Family Traveller reader, Audrey Iwasko, heads to Lviv in Ukraine with her three daughters to revisit the city she fell in love with over twenty years ago.
Lviv showcases a charm and uniqueness not found in other European cities. Its facade of grand architecture, cobbled streets and thriving cafes is undeniably European, but its heart and personality is entirely Slavic. And herein lies the allure and contradictions of Ukraine’s most popular tourist city.
When I taught English in Lviv in the late 1990s, the Bohemian city was misrepresented by an ageing population that had grown up in the Soviet era. It took weeks of shopping at the local bakery until the plump old ladies selling bread would finally smile at me. An atmosphere of reticence and distrust presided throughout the city and, ultimately, Lviv proved to be a tough nut to crack. However, once I did, I couldn’t get enough of its sweet, surprising centre.
Ukrainian culture at its heart is hospitable, spiritual and deeply passionate about its customs and history. Twenty years later, rumours had reached my ears about Lviv’s modern transformations, and excited Ukrainian friends and family encouraged me to return. With the news of a direct flight introduced by WizzAir from London to Lviv, the timing was perfect. I booked a week-long holiday for me and my three girls to visit the city of my youthful adventures.
Nevertheless, in the midst of my excitement, I harboured some reservations; could two teenagers and a seven year-old enjoy Lviv as much as I did in the late 1990s? Would they appreciate its conflicting history, politics and culture, its crumbling alleyways, eccentricities, and Soviet vestiges?
Our taxi pulls up to the stately Leopolis Hotel, a stone’s throw from the city’s heart, Rynok Square. It is the end of August, the sky is vivid blue and people of all ages are walking around in traditional, embroidered clothing. Either these people are incredibly patriotic or I’m missing something. My girls are oblivious to this colourful parade as their eyes are drawn to the neon-lit Bubble Waffle cafe next door to the hotel. I can’t believe my eyes; this cafe looks as if it has been transplanted from trendy Soho. Squeals of delight escape their mouths when I agree that we can to go after checking into the hotel.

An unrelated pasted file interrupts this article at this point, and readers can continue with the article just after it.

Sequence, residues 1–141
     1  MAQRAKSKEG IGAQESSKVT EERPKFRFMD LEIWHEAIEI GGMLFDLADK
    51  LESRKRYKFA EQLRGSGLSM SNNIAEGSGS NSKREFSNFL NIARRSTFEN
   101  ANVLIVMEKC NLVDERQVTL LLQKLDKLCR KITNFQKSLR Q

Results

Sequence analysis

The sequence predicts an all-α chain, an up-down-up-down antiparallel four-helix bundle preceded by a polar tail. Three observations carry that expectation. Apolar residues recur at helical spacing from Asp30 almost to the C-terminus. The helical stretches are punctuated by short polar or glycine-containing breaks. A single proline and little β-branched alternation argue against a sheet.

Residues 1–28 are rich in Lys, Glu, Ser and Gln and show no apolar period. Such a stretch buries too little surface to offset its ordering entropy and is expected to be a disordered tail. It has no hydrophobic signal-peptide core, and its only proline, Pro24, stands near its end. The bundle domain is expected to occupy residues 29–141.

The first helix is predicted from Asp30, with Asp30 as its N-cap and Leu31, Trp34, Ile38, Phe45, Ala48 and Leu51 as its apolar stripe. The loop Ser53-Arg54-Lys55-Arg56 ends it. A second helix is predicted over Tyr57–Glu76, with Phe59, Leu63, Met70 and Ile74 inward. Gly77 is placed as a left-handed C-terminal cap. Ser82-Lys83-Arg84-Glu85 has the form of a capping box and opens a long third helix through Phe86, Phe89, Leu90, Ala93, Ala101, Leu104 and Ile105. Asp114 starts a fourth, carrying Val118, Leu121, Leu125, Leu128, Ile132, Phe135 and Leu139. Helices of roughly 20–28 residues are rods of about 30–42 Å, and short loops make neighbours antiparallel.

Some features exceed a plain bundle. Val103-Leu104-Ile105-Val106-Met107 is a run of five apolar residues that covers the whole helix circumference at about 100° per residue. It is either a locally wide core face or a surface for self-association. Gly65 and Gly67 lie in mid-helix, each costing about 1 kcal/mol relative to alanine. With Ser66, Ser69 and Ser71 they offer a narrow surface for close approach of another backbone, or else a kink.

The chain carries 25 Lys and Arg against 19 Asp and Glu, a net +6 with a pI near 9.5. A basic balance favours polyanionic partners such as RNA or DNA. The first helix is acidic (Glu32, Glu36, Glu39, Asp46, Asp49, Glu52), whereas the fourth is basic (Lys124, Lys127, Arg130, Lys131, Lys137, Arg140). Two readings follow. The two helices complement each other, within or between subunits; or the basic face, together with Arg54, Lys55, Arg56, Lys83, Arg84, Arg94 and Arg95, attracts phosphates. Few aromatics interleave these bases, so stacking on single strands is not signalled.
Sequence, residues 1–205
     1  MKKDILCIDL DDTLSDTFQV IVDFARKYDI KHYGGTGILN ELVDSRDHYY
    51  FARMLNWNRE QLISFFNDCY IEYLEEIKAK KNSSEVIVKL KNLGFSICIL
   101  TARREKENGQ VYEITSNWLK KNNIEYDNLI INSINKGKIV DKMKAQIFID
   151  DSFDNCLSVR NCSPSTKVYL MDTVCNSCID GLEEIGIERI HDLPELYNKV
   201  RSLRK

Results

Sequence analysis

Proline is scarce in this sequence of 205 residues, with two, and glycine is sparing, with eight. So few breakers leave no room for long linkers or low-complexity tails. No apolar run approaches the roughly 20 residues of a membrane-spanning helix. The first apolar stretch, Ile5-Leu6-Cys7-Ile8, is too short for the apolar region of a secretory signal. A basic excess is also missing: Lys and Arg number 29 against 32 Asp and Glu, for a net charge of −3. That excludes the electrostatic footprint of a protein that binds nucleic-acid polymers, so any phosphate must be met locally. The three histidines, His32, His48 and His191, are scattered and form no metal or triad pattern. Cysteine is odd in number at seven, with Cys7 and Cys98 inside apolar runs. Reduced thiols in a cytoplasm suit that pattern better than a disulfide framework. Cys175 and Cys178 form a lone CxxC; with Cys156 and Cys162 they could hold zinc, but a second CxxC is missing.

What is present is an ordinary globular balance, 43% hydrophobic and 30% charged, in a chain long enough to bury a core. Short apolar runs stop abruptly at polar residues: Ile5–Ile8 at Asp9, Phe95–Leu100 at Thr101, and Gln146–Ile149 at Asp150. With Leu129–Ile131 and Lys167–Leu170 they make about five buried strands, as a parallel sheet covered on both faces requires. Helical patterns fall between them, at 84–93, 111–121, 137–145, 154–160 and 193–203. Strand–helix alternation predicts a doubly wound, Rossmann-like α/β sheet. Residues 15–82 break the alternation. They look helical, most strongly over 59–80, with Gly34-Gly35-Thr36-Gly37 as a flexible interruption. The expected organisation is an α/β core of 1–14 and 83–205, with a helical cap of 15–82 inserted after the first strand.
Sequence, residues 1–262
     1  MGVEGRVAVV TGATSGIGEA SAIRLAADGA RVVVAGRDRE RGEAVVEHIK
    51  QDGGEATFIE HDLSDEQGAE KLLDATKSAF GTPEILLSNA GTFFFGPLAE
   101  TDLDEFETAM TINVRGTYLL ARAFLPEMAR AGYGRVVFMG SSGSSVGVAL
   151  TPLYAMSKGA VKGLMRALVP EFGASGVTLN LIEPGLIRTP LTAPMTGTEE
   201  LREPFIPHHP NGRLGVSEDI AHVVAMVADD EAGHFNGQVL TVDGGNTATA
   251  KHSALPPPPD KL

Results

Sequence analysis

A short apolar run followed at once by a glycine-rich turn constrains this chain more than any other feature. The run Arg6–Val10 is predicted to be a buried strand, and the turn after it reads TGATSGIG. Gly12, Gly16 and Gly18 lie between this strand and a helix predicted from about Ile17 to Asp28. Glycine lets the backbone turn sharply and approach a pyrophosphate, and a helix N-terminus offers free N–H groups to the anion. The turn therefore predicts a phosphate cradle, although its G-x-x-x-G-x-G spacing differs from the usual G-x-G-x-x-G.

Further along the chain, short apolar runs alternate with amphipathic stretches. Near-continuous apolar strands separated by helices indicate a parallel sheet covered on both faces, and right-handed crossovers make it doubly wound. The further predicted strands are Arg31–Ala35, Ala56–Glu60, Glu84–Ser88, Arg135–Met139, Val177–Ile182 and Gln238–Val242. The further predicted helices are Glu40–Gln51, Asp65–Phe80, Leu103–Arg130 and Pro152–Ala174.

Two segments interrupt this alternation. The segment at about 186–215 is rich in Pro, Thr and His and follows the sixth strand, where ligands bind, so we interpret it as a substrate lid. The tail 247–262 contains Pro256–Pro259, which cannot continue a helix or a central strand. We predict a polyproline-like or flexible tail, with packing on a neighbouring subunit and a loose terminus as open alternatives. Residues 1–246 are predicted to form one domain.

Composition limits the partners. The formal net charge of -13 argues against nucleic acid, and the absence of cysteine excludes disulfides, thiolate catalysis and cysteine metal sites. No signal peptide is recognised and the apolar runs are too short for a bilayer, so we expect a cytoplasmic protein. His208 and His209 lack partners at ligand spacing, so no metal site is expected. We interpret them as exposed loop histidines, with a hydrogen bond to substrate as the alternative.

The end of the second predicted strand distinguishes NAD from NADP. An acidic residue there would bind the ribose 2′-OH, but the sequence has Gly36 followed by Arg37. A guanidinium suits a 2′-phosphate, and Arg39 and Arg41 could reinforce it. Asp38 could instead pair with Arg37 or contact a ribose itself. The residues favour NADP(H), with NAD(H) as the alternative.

The soft noises of Lviv float into our hotel room; the sing-song chatter of cafe-goers, choral music from the church opposite the square, pigeons cooing. The sounds warm my soul. I quickly discover we have arrived on Ukraine’s Independence Day, August 24th. Well that explains the multitude of embroidered shirts and flowers crowning the women’s hair.
After a surprisingly scrumptious Bubble Waffle, we follow the crowds to Svoboda Prospect, the main boulevard in Lviv. My girls happily participate in the festivities by buying their own flower headbands from a stall. I guess one is never too old for flower tiaras.
The crowds culminate at the top of the boulevard where an outdoor stage has been set up in front of the Austro-Hungarian Opera House. Ukrainian flags flutter above the audience while a pop-band belts out a crowd favourite. The environment is family-friendly, festive and full of hope and celebration. We ask a traditionally-dressed dancer to take a photo with us before she goes on stage, and before we know it, we’re surrounded by enthusiastic dancers pushing in next to us. The girls and I feel a part of this city and we’ve only just arrived. I’m blown away by Lviv’s transformations. Not only is the city looking repaired and updated, but the locals are upfront and friendly.
By day two, the girls haven’t yet experienced authentic Ukrainian cuisine and, having eaten their grandmother’s watered-down, limp version of Ukrainian food most of their lives, they weren’t too thrilled about this portion of the trip before we left England. Friends invite us to Baczewski, one of the best restaurants in town offering ‘new wave’ Ukrainian, Polish and Hungarian cuisine.